I want to make two more points. I am sorry to take so much time on this, but I feel passionate about it.

The IRGC is such an unusual organization; there is nothing quite like it. They are so powerful, so independent and so wealthy, with a very unusual mandate to protect the Islamic revolution as opposed to borders and peoples, that it should not be considered a conventional military force to be subject to all the same types of treatment as a regular state agency might. In that respect, you could still consider it to be a rogue organization.

Finally on the subject of state immunity, the justice for victims of terrorism act, which is now part of Bill C-10, the government's omnibus crime bill that is about to go to third reading, has to do with state immunity, lifting state immunity for states' sponsorship of terrorism. That involves the government listing certain states that they are going to designate as state sponsors of terror.

Once you are prepared to call a state itself a "sponsor of terror," surely you are prepared to call a state agency a terrorist entity, just for pure consistency.

Senator Lang: Mr. Dubowitz mentioned the Canadian embassy. Are you telling us that if Canada were to designate the IRGC, in all likelihood we would move our embassy? Did you say that? I got that inference from you.

Mr. Dubowitz: I am suggesting that should that be a consideration in this evaluation, it may be — and I underscore "may" because I am not sure how the Iranians would respond — the case. If the Canadian government took the step of listing the IRGC as a terrorist organization under the Canadian Criminal Code, the Iranian response to that might be to move the Canadian embassy.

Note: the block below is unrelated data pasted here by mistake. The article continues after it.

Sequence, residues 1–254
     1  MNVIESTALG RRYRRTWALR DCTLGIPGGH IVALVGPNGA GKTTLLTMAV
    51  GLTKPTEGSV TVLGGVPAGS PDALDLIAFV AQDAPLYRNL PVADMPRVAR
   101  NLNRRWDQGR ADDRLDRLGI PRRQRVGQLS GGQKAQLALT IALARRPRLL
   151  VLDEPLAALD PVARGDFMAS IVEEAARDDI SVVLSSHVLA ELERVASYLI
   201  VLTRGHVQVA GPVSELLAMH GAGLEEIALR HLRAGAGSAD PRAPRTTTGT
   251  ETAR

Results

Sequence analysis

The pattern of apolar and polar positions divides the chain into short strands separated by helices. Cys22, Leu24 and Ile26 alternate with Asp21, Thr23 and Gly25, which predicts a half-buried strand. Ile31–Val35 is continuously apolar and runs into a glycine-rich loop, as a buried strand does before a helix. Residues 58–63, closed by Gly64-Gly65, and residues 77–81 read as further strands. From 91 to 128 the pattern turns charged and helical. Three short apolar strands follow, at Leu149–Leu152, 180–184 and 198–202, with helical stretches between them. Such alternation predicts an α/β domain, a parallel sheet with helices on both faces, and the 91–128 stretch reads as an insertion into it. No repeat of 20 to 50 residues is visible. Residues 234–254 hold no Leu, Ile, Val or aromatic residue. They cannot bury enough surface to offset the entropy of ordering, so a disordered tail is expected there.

I would say that a graduated process is still possible. The Canadian government could start by listing the Quds Force, which is the overseas unit of the IRGC. If you were to break down the IRGC into its various component parts, the strongest argument on terrorist grounds for terrorist activities is the Quds Force because that is what the IRGC uses for its overseas operations for its terrorist activities. It is a key component of the IRGC and a key arm of the Revolutionary Guard Corps in the Iranian government. The designation of the Quds Force would be entirely consistent with Canadian precedent. Again, it is at least a part of a graduated escalation curve. If you were concerned about the blowback from an entire blanket designation of the IRGC, you could start with the Quds Force.

I would also point out that the IRGC should not be confused with the Iranian military. The Iranian conventional military is a completely different institution. We would never advocate for the designation of the Iranian military. It is an organization that the regime distrusts, which is one of the reasons they set up the IRGC in the first place. It is obviously something to which people are conscripted. They serve in the military. We may not agree with the Iranian military's international goals, but I think it is a conventional military in the truest sense. The IRGC is not.

Senator Mitchell: Under our Special Economics Measures Act, SEMA, if I understand correctly, the distinction is drawn when you are considering sanctions between a company that would make new investment and an investment it has already made. I believe we see that in the Syrian case where there are Canadian companies functioning and one of them produces a great deal of power. Who would it hurt if we really cut them off? Is that a distinction you draw? If it is bad enough that we should sanction new investment, does it automatically mean we should sanction existing investment and ask companies like that to shut down and move out?